Kimchi premium

Two perfect storms descended upon the Korean peninsula in late 2017 / early 2018:

(1) Unusually strict capital controls and anti money-laundering rules that make it difficult to trade Korean Won (for, say, USD) or move KRW out of the country.

(2) A longstanding love of gambling that resulted at one point in 10% of all crypto assets–and well over 50% of XRP–being traded by a country that represents under 2% of the world GDP, leading to intense demand for all things crypto.

Despite the obvious arbitrage opportunity (at one point leading cryptos were nearly 50% more expensive on Korean exchanges), the regulatory framework made it virtually impossible for anyone to cash in on the kimchi premium and balance the market.



Gold from the cryptocurrency world

Moon: sudden, rapid and extravagant appreciation of a cryptocurrency. Can be used as a verb, or in the sentence “XRP to the moon!” Inspires a lot of “art” on the message boards (see below). Sometimes when people are particularly excited, it’s “We’re GOING TO PLUTO!”

Lambo: what you can buy with your crypto after it moons

HODL: in 2013 somebody who was clearly inebriated posted that he was not letting go of his BitCoin even though it had just crashed pretty badly: I AM HODLING. If you HODL long enough and your cyrpto moons, then you can get yourself that lambo!

dETHroning: What happened when Ripple/XRP’s market cap exceeded the market cap of Ethereum/ETH in late December 2017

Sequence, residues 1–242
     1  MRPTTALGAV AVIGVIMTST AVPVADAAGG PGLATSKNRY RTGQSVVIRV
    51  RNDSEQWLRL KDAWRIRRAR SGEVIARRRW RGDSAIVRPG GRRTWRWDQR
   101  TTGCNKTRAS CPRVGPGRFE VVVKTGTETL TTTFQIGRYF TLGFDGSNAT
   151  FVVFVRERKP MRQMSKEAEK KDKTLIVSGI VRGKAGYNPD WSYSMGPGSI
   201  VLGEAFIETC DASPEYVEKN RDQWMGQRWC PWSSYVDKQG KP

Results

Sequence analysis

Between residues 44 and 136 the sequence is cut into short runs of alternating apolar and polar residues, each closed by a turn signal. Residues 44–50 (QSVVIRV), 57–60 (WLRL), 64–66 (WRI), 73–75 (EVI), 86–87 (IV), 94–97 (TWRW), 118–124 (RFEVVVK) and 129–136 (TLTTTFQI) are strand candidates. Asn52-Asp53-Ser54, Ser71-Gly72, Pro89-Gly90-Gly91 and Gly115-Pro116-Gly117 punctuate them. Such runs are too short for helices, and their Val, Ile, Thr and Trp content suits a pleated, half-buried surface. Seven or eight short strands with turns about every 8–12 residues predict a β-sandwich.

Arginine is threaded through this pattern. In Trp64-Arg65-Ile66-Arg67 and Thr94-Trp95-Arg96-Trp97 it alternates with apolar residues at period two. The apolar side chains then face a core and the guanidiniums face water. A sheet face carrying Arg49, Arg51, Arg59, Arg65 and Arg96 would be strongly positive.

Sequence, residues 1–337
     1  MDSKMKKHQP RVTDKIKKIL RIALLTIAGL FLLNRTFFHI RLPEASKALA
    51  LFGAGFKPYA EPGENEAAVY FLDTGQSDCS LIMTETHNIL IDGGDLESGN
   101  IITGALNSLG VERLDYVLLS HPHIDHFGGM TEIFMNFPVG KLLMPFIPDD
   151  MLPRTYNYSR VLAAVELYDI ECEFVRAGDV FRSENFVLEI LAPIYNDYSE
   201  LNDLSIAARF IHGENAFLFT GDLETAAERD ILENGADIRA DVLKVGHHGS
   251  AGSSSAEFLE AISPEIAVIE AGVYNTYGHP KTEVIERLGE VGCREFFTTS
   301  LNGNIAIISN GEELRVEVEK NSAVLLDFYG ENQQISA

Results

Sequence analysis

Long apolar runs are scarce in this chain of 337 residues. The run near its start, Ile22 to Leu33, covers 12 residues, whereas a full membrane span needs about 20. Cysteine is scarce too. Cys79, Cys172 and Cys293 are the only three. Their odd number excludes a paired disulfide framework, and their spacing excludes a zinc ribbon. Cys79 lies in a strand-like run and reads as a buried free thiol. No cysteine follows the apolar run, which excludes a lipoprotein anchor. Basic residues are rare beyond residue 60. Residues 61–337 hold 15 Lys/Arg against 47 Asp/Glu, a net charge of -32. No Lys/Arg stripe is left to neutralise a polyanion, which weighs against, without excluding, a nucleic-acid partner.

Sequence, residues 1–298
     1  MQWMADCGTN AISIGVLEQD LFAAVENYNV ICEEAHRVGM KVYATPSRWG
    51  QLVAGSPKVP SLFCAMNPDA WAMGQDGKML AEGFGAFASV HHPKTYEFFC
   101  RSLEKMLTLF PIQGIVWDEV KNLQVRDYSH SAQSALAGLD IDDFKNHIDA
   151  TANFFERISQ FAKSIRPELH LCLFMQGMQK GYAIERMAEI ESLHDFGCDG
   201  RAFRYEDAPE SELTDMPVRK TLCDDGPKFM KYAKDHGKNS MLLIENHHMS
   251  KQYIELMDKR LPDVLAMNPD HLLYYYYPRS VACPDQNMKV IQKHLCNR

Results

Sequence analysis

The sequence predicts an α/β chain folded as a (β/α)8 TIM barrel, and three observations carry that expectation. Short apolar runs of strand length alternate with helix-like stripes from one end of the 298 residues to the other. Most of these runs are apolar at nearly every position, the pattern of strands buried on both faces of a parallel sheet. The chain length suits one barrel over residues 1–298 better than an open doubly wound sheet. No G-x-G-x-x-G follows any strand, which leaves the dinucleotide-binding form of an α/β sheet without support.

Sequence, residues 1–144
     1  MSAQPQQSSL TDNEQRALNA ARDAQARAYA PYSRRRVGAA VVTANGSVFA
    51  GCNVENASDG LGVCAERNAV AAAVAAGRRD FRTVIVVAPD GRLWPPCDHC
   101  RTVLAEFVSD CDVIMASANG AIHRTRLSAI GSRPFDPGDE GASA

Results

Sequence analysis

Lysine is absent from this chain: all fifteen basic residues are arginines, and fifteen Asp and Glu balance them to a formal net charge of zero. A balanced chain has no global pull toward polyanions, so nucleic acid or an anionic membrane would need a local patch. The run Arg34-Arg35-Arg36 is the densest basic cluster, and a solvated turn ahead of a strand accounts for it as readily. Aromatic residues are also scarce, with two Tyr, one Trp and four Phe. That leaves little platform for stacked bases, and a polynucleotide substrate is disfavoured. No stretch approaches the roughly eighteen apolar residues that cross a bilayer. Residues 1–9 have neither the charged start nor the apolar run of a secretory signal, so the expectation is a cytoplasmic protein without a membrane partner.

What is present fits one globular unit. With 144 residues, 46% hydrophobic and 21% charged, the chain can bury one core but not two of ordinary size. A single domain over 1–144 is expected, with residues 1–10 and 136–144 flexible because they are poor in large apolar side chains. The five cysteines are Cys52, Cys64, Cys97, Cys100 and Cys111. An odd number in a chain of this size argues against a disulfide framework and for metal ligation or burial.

Rippening: What will happen if Ripple/XRP’s market cap exceeds the market cap of BitCoin/BTC.

Altcoins: cryptocurrencies that aren’t BitCoin.

Shitcoins: for some (especially “BitCoin maximalists”), synonymous with altcoins.

Whale: someone who owns a significant fraction of a crypto’s market cap. Since these things typically start at fractions of a cent, it’s easy to amass a chunk of the currency before it moons (or before it gradually ramps up). Later on, traders who don’t understand why a price isn’t mooning, or even budging, on good news, can just blame the whale for selling.




From :

What Makes a HNWI?

The most commonly quoted figure for membership in the high net worth club is $1 million in liquid financial assets. An investor with less than $1 million but more than $100,000 is considered to be “affluent” or perhaps even “sub-HNWI.” The upper end of HNWI is around $5 million, at which point the client is then referred to as “very HNWI.” More than $30 million in wealth classifies a person as “ultra HNWI.”